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Welcome to The 2016 College Bowl Season AKA The ESPN Invitational

41 college bowl games will keep college football fans in front of the TV in December. 

Royal Purple Las Vegas Bowl - Utah v Colorado State Photo by Ethan Miller/Getty Images

Texas just finished a disappointing 5-7 for the second straight season, fired its coach – and is being viewed as a bowl eligible team.

Welcome to post-season college football, where winning isn’t everything, it isn’t even a requirement.

80 teams will play in 41 bowl games (including the 3-game playoff system), and it is entirely possible that, like last year, a number teams with losing records will play. As is everything else attached to the sport, money, specifically TV money, drove the inflationary expansion over the past several decades.

In the early 20th Century communities in the southern and western part of the U.S. were looking for ways to encourage tourism in the winter. They formed non-profit organizations to create events centered on a college football game. The Pasadena Tournament of Roses Committee was the first to host a game. In 1901, Michigan, unbeaten and unscored on, defeated Stanford 49-0 in the inaugural contest.

The game didn’t become an annual event until 1916 and officially became the Rose Bowl in 1923 when the stadium was completed. There was a slow incremental increase in bowl games over the next 8 decades. Then Oklahoma and Georgia won their anti-trust suit against the NCAA and ESPN became a major player in the sport.

“We Don’t Buy Games. We Buy Content”

NCAA Football: College Game Day-Richmond at James Madison Brad Mills-USA TODAY Sports

This Sunday ESPN will have almost 24 hours of coverage across all its platforms as it announces the four participants in the College Football Playoffs, along with the matchups in all the other bowl games. As ESPN and other content providers fight cord cutting in the cable & satellite industries, live programing, especially live sports programming, continues to be at the heart of their profit center.

It is all the peripheral programming – pre-and post-game shows, College Football Today, College Football This Week, SportsCenter drop-ins, that also create advertising revenue with very little overhead.

ABC/ESPN isn’t just telecasting 38 bowl games. ESPN Events, a division of the WWL, owns and operates 13 of the 38 bowls. Overall attendance in bowls has dropped about 4% a year over the past 3 years, teams are forced to buy thousands of un-purchased tickets. But for ESPN, ratings make it worthwhile programming.

Last December, 21,000 fans watched Appalachian State edged Ohio U. 31-29 in Lafayette, LA in something called the Camellia Bowl. 1.9 million viewers tuned in, double the 980 thousand who watched the TCU-Texas contest the Friday after Thanksgiving. As long as games like this pull numbers like that, ESPN will be more than happy to show them.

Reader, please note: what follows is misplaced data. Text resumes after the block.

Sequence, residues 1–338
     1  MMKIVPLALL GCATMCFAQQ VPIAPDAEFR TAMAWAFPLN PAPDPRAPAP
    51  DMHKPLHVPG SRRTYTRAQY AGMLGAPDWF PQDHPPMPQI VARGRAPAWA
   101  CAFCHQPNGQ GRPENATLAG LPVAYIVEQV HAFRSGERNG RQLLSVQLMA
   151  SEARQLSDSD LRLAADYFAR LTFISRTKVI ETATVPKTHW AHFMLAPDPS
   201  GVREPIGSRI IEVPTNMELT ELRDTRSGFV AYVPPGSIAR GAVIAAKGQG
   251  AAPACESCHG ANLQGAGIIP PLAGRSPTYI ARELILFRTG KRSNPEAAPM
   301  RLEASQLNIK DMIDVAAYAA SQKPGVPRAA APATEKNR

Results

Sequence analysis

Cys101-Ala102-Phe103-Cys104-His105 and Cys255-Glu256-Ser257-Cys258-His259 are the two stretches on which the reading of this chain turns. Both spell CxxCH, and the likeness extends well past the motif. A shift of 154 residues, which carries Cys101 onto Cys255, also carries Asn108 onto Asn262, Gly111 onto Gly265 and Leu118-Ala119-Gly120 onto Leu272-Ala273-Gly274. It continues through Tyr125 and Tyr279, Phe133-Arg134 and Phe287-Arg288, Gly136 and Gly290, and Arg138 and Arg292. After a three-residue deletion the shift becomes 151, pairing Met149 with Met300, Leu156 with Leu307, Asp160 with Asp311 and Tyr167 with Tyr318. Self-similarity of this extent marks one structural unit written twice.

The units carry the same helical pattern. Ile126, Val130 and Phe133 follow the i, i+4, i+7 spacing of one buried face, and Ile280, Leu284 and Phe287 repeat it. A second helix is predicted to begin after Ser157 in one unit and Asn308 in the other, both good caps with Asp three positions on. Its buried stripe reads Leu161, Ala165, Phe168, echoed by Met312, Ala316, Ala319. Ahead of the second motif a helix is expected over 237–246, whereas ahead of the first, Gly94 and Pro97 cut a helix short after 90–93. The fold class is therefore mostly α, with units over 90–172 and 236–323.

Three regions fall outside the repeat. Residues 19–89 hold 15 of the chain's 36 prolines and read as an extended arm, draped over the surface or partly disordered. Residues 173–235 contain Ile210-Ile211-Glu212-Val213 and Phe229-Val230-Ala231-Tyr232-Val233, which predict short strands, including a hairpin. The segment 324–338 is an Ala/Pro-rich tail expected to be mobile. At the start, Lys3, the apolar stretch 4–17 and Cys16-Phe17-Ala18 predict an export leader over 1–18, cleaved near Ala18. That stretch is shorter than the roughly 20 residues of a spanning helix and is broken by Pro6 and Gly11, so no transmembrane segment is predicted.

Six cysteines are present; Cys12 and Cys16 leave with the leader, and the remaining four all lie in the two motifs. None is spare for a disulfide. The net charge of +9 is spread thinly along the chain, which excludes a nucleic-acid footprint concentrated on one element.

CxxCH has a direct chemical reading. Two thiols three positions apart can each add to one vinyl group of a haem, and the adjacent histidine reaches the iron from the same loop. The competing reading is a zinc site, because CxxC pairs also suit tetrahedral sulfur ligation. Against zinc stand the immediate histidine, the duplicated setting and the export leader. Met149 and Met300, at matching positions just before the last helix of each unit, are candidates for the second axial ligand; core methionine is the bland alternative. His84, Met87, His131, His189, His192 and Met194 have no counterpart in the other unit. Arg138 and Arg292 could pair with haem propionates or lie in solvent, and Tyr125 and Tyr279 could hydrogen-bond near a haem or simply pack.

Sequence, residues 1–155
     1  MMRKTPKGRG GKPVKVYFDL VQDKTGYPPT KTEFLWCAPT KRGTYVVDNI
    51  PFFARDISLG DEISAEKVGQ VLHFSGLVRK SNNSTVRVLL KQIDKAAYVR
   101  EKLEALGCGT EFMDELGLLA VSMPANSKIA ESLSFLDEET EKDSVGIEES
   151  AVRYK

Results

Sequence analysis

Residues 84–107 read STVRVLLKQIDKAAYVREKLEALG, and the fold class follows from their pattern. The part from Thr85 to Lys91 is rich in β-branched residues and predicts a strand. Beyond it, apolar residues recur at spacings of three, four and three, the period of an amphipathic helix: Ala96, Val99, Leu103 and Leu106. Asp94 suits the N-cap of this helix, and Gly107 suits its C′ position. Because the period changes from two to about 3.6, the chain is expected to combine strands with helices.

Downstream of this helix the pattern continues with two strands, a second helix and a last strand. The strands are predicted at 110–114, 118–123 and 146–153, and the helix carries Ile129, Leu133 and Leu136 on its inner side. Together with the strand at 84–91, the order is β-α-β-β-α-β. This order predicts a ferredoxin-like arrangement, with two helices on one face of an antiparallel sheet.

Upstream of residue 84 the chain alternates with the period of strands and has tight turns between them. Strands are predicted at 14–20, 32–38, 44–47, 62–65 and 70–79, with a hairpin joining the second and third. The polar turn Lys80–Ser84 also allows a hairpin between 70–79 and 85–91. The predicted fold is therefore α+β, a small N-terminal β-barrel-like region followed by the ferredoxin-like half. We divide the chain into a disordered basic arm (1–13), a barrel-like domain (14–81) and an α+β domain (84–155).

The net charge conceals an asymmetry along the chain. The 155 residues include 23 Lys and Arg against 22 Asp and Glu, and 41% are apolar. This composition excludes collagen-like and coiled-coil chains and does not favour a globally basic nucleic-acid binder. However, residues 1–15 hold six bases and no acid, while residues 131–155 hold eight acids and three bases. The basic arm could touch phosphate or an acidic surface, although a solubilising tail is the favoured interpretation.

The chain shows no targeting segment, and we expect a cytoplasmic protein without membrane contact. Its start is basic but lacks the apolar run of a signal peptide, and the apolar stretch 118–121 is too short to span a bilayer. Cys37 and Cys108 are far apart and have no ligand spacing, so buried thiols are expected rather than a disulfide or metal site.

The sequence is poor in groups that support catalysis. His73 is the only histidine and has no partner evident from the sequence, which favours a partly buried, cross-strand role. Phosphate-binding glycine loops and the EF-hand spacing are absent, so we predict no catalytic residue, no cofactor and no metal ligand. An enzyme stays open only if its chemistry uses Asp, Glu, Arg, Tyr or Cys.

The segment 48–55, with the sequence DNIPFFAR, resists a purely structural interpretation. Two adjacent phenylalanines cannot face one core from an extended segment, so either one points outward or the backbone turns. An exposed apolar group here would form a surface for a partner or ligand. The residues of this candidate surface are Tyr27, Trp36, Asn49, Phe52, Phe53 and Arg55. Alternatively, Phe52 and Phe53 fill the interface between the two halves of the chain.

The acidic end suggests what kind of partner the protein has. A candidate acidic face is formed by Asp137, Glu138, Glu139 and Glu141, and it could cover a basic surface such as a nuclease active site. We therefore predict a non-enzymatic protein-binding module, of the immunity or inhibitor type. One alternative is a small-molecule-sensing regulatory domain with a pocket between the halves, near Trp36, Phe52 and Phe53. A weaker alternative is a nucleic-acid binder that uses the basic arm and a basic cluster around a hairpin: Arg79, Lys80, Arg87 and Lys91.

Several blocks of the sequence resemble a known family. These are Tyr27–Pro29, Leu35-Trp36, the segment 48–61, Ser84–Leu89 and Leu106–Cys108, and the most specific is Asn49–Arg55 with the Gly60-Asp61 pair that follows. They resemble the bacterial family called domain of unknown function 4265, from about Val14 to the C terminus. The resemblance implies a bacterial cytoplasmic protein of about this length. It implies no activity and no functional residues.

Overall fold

One outcome from this bowl expansion is the devaluation of results, which is easily expressed in Longhorn bowl history.

Darrell Royal

In 1957 there were 112 D-1 football teams hoping to get into 6 bowls. That means 11% of all programs played in a post-season contest. Royal’s teams failed to make a bowl game in 4 out of 20 seasons. The Longhorns record those 4 years were 7-3, 6-4, 6-4, 5-5-1. (ah, the “Good Old Days”)

Royal’s bowl record was 8-7-1, a seemingly pedestrian mark, until you look into the competition. 14 of those 16 bowls were against Top Ten opponents (87.5%). Royal was 5-3 as the higher ranked team, 3-3-1 as the lower ranked team. The 1966 Bluebonnet Bowl against Ole Miss was the only contest where neither was ranked.

Fred Akers In 1977 (Akers’ first season) there were 145 teams in D-1, with 13 bowls. That meant 18% of eligible teams would play in a bowl contest. Akers went to a bowl game 9 out of 10 seasons, going 0-5 as the higher ranked team, one data point that helped to make it easier to fire him after his first losing season.

Mack Brown

When Mack came on board in 1998 there were only 112 teams playing at the D-1 level, with 22 bowls. So 39% of all the D-1 programs went bowling. Mack was 10-5 in post-season play. Five times Texas played Top Ten opponents, five times the opposition was ranked 11-25, and five came into the bowl game unranked. Mack went 2-3 against Top Ten opponents, and went in as the lower ranked team all five times.

Now less than 20 years later, we have 80 out of 128 D-1 teams going bowling. That’s 62.5% of all D-1 teams. The bowl system, once a reward for teams having successful seasons is now, for many, a glorified spring training – extra practices with a swag bag and a trip thrown in for good measure.

The bottom line is still the bottom line.

Last year The Power Five and Group of Five Conferences collected over $599 million in bowl payouts. The Big 10 took in $118 million, the Pac 12 garnered $105 million, the SEC took in $93 million, the ACC collected 84 million and the Big 12 gathered in 83 million.

The College Football Play off has turned the other 38 bowls into an extended exhibition season, which means we will have plenty of opportunity to ignore relatives at Holiday gatherings as long as over 4 million will tune in to watch Duke and Indiana slug it out in football at the Pinstripe Bowl.